Wednesday, 9 November 2016

What might Trump's election mean for Brexit?

There are obviously many connections between Trump’s victory and the Brexit vote, some of which I have already written about and which I will not discuss here. Instead, I want to outline some preliminary thoughts about how the result might impact on Brexit. That is difficult, because Trump is an unpredictable figure, and little credence can be attached to his various statements.

One immediate issue may be the sterling-dollar exchange rate, although so far it seems as if any flight from the dollar is affecting the yen more than the pound, which recorded only a slight uptick today. This actually reflects the ongoing bad news of Brexit: sterling is not seen as a ‘safe haven’ currency any more. Still, the coming weeks may see some gains for the pound against the dollar and that would have some impact on post-Brexit inflation, especially as oil is priced in dollars.

The wider implication may be to make a UK-US trade deal more likely, as excited Brexiters are already proclaiming. Trump presumably spells the end of TTIP, and in his campaign he made noises about a willingness to sign a deal with the UK, and indicated an approval of Brexit, to the extent of referring to himself as ‘Mr Brexit’ and repeatedly drawing comparisons between his campaign and Brexit. However, he has also signalled a strong desire to only do deals which are ‘good for America’. Given that the UK will be desperate to sign a deal, any deal, one can only anticipate that any UK-USA FTA would be heavily loaded against the UK. In any case, no FTA could be created until the UK has left the EU, and even then only in certain circumstances, depending on the terms of Brexit.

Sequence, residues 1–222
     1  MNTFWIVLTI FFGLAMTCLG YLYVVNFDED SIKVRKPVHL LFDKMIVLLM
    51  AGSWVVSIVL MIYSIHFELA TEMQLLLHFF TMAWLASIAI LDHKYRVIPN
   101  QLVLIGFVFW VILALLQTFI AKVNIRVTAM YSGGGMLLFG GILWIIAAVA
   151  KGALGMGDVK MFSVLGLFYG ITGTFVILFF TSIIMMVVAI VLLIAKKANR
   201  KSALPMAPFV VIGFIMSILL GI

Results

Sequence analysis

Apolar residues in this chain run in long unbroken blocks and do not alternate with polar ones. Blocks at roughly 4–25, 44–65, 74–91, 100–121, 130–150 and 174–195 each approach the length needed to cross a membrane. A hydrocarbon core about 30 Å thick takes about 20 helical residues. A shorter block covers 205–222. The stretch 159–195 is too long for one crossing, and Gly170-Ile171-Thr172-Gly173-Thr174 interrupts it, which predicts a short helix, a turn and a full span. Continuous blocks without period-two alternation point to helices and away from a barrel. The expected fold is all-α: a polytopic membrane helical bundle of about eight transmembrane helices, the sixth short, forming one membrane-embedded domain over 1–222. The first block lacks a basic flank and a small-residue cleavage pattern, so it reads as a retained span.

At the same time, we can expect deteriorating relations between the US and the EU, both as regards TTIP and more widely. The UK government might think that this could re-ignite the ‘special relationship’, although there are significant foreign policy differences over Syria, Iran and, especially, Russia. Indeed, the most significant issue is likely to be NATO and its response to Russia. Trump has indicated a lack of enthusiasm for NATO and especially for members who do not spend 2% of GDP on defence. Key here are the Baltic States, where only Estonia meets the 2% criteria.

There is some complex and very dangerous geo-political territory here. It is not inconceivable that Trump’s election will embolden Russian military incursions into Ukraine and soft power incursions into the Balkans. It’s no accident that the Russian Parliament applauded the result. The nightmare scenario is military action in the Baltic States (or, if not military, then political and economic). Brexit exacerbates these dangers because it also contributes to the weakening of the US-EU-NATO nexus and, more generally, the post-war international order. But this also creates the possibility of an international crisis so severe that the UK government might seek (more or less willingly) to defer, or even abandon, Brexit. That, of course, would be an extremely dangerous situation and any ‘gain’ as regards Brexit would be more than offset by the calamity it would involve. So it is not that I am hoping for such a situation, just saying that because Trump’s election throws the geo-political chips in the air, the way that they settle may have an impact on Brexit.

On a lighter note, the report that Nigel Farage might be appointed by Trump as the US Ambassador to the EU was, I think, a joke (one can only hope so; though in this strange world who can say). That is about the only joke I can see in the present situation. With the UK and, now, the US having embarked on an unpredictable course of national populism – and the possibility of other countries doing the same – both those countries and the free world have entered a period of confusion and danger unprecedented in my lifetime.

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